President George W. Bush says that reports the Iranian government has doubled its capacity to enrich uranium mean that international efforts to stop Iran from getting nuclear weapons must also increase:
"We must double our effort to work with the international community to persuade the Iranians that there is only isolation from the world if they continue working forward on such a program . . .The idea of Iran having a nuclear weapon is unacceptable. It's unacceptable to the United States, and it's unacceptable to nations we're working with in the United Nations to send a common message."
The U.N. Security Council is considering a draft resolution that would impose economic sanctions on Iran for its refusal to stop all uranium enrichment and reprocessing activities. U.S. State Department spokesman Sean McCormack says that such a resolution would have a clear purpose:
"The practical effects, we would hope, would be to impose a set of international obligations through the passage of this resolution that would make it much more difficult for the Iranian government to further its nuclear weapons program. . .And states from around the globe would have certain obligations to prevent the flow of technology know-how, as well as other means, to develop this nuclear weapons program."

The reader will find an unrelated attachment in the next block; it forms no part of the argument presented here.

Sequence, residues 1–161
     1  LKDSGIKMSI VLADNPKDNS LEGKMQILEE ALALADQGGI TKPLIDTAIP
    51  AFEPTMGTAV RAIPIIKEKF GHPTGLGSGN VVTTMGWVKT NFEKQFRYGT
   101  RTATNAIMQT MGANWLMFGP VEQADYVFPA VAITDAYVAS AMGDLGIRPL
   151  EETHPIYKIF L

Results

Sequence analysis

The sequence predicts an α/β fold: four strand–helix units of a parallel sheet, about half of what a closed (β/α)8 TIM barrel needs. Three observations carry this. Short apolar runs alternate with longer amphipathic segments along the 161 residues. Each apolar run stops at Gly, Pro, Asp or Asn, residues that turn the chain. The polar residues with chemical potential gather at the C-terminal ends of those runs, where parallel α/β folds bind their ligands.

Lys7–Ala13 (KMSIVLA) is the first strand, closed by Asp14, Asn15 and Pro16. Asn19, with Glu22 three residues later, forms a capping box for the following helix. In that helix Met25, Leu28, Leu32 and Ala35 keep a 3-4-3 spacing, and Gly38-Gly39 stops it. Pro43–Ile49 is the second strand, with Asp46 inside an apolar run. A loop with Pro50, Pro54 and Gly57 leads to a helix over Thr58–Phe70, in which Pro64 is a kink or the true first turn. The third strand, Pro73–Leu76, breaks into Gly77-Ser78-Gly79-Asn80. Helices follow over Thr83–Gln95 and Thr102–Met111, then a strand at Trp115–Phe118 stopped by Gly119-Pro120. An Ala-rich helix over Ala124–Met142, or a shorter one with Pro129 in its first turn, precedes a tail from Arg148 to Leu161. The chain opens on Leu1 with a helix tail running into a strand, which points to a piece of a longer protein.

Such a resolution, says Mr. McCormack, would also show the Iranian government that there are costs to its behavior:
"Costs to their failure to heed the will of the international community as expressed in [U.N.] Security Council resolutions, as expressed in the I-A-E-A [International Atomic Energy Agency] Board of Governors statements. . . To try to get them to reassess their calculations that are going into whether or not they would engage in negotiations . . .on their program."
White House spokesman Tony Snow says Iran's suspending uranium enrichment-related and reprocessing activities is still an absolute condition for any negotiations.
The preceding was an editorial reflecting the views of the United States Government.